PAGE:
The Milne Lecture at the American Association of Equine Practitioners (AAEP) Convention is also known as the State of the Art Lecture because each Milne Lecture, regardless of topic, is selected for its groundbreaking qualities and potential to... Read More

Article

Bone and Fracture Treatment in Horses

February 27, 2003

Bone does not heal, incorporating the scar tissue as seen in most all other tissues--it regenerates itself. It changes its shape and structure based on its use, and if broken can resume 100% of its former strength and function.... Read More

Article

AAEP 2002: Injecting the Sacroiliac Joint

January 13, 2003

Acute and chronic disease (especially osteoarthritis) of the sacroiliac joint(s) is not uncommon in competition horses and racehorses, affecting up to 8% of Standardbreds in training and 15% of competition horses (particularly hunters, jumpers,... Read More

Article

Equine Exercise Physiology Research

January 01, 2003

While the term sports medicine is of modern extraction, exercise physiology in humans and horses has been around for more than 100 years. During the decline of the use of work horses in the early to mid-20th Century, not much research was done.... Read More

Article

Stretching Out the Kinks

December 01, 2002

There's nothing like a good stretch--when you wake up in the morning, during breaks at work, or before and after your workout. In human physiology, we know about stretching and its benefits for the athlete. Many practitioners and physical... Read More

Article

Understanding Back Pain

November 01, 2002

Since the beginning of his involvement with man, the horse has been used to either pull heavy loads or carry a rider or packs upon his back. Prior to the advent of the gasoline engine, a great many horses were bred for pulling strength and power... Read More

Article

Are Your Horse's Bones Tough Enough?

July 01, 2002

Skeletal injuries--those involving bones and joints--are a major concern for all athletic horses. The usual outcome of these injuries is a lameness problem that hampers a horse's training and competition program or, in some cases, is so severe... Read More

Article

Tendons and Ligaments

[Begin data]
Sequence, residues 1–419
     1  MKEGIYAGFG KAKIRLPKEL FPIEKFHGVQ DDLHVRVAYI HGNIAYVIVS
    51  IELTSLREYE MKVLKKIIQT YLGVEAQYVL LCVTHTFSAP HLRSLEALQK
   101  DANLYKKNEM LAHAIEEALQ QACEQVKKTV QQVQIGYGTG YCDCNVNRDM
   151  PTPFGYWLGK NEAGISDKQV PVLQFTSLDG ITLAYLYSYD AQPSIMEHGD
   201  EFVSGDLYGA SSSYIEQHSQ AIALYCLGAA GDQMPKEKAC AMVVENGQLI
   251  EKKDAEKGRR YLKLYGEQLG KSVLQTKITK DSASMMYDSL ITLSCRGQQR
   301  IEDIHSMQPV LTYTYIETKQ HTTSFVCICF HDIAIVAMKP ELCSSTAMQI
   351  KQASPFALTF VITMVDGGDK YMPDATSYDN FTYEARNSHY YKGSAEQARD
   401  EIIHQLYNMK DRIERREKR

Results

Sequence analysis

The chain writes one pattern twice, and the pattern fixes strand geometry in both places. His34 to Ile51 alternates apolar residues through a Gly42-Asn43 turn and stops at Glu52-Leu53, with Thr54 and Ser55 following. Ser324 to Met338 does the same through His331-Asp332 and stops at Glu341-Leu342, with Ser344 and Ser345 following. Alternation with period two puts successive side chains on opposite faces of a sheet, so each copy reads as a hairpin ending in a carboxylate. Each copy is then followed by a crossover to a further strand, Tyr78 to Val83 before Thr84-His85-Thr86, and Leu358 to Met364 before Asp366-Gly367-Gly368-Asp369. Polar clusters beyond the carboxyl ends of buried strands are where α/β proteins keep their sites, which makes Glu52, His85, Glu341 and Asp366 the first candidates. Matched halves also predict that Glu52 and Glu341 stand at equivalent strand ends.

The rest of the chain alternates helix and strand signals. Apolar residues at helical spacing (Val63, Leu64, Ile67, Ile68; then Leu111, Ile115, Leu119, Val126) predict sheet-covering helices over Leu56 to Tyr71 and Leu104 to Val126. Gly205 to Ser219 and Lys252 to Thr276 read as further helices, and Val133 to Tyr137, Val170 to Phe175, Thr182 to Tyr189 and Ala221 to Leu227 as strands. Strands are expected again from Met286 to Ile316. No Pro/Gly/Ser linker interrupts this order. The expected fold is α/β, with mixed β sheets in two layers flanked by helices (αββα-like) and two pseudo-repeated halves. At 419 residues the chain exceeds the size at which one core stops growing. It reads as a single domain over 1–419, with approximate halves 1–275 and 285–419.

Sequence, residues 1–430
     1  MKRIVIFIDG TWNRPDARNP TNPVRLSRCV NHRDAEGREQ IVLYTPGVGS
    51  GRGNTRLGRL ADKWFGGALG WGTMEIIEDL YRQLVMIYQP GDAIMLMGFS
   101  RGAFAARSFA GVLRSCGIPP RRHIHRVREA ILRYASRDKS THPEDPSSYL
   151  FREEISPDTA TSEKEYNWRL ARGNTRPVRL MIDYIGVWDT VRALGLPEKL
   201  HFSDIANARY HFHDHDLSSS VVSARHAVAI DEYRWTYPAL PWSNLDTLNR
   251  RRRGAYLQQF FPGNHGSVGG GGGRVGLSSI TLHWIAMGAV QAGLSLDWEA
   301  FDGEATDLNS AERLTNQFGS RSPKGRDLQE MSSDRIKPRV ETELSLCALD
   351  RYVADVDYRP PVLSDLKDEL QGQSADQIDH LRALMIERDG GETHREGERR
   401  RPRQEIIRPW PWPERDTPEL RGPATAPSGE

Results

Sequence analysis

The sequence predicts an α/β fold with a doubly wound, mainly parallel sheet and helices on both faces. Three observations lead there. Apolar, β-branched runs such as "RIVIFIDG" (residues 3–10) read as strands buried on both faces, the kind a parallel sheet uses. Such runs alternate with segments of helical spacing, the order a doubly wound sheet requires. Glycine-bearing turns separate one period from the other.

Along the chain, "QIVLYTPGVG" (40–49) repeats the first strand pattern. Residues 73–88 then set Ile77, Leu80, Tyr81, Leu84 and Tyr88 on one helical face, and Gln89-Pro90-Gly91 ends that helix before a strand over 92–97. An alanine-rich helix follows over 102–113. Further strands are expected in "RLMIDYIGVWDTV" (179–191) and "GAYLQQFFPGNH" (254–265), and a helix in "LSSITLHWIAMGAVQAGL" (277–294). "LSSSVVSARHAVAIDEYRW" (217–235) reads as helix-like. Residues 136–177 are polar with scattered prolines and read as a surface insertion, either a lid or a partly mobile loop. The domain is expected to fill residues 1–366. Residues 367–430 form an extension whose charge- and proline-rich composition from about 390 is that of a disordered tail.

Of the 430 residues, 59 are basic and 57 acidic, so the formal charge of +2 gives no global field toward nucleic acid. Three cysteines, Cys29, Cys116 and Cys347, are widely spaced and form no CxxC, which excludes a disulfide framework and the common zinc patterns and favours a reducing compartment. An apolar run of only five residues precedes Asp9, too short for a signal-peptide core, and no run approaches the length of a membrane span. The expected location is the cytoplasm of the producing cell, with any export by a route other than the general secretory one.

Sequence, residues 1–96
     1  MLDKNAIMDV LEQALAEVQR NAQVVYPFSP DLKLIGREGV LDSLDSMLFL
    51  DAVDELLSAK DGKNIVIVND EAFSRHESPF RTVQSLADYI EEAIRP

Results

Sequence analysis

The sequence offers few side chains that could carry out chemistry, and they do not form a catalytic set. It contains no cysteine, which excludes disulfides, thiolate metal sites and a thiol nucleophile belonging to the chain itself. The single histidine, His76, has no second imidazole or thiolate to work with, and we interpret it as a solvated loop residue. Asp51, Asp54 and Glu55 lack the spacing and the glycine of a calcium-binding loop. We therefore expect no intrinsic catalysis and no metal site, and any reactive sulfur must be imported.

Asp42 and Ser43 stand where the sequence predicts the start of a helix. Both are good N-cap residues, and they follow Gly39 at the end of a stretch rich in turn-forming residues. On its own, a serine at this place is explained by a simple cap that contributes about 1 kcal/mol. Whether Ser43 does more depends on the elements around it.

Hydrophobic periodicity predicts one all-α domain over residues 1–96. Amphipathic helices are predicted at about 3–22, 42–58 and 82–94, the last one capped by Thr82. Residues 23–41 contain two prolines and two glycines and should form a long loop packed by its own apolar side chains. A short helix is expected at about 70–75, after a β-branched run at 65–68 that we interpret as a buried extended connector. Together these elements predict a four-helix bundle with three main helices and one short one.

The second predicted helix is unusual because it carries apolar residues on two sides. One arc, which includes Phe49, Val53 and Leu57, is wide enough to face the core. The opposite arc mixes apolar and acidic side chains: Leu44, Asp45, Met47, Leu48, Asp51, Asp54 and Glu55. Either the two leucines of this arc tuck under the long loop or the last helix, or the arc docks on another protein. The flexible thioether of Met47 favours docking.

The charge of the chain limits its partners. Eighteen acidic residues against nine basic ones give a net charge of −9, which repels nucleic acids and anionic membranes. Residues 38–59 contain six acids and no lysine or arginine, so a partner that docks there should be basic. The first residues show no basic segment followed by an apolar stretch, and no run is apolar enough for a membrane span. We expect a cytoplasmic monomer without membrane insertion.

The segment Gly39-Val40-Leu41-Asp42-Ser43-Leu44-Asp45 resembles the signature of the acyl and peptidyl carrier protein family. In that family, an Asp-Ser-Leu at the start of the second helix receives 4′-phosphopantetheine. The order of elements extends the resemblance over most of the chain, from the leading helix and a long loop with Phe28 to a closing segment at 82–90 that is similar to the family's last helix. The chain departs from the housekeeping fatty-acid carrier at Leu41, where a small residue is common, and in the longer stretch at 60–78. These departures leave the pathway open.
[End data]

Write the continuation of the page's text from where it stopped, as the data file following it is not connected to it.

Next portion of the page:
April 01, 2002

It should come as no surprise that horses suffer from tendon and ligament injuries. When one considers these vital parts of the equine anatomy and the stresses placed upon them, it's a tribute to the horse's physical make-up that there aren't... Read More

Article

Equine Medicine/Surgery Congress

February 13, 2002

Veterinarians worldwide were attracted to the prominent names in veterinary medicine who presented topics at the seventh Congress on Equine Medicine and Surgery held in Geneva, Switzerland, Dec. 11-13, 2001.

“There were over 500... Read More

Article

Joints: Part 1

October 15, 2001

The mechanical engineering involved in the structuring of equine joints is both complex and masterful. Not only do healthy joints allow the horse to move freely, but they also help to effectively absorb concussion, especially when the horse is... Read More

Article

Tendons and Ligaments: Dubai International Equine Symposium

October 15, 2001

The basic anatomy and physiology of tendons and ligaments is complex. Nathalie Crevier, DVM, of the Clinique Equine-Laboratorie D'Anatomie in France, revealed what has been learned of the microanatomy of tendons and ligaments.... Read More

Article

The Rear Leg

October 15, 2001

This month we shall begin a discussion of the rear leg: conformation, function, problems. There is at least one good reason to start with the rear rather than the foreleg. It seems to be the case that as man selects certain animals to breed to... Read More

Article

Chiropractic: Modality of Movement

October 10, 2001

Chiropractors have been treating human patients on a professional basis in this country since before the turn of the century, but it has only been in recent years that this alternative form of therapy has been applied to a substantial number of horse... Read More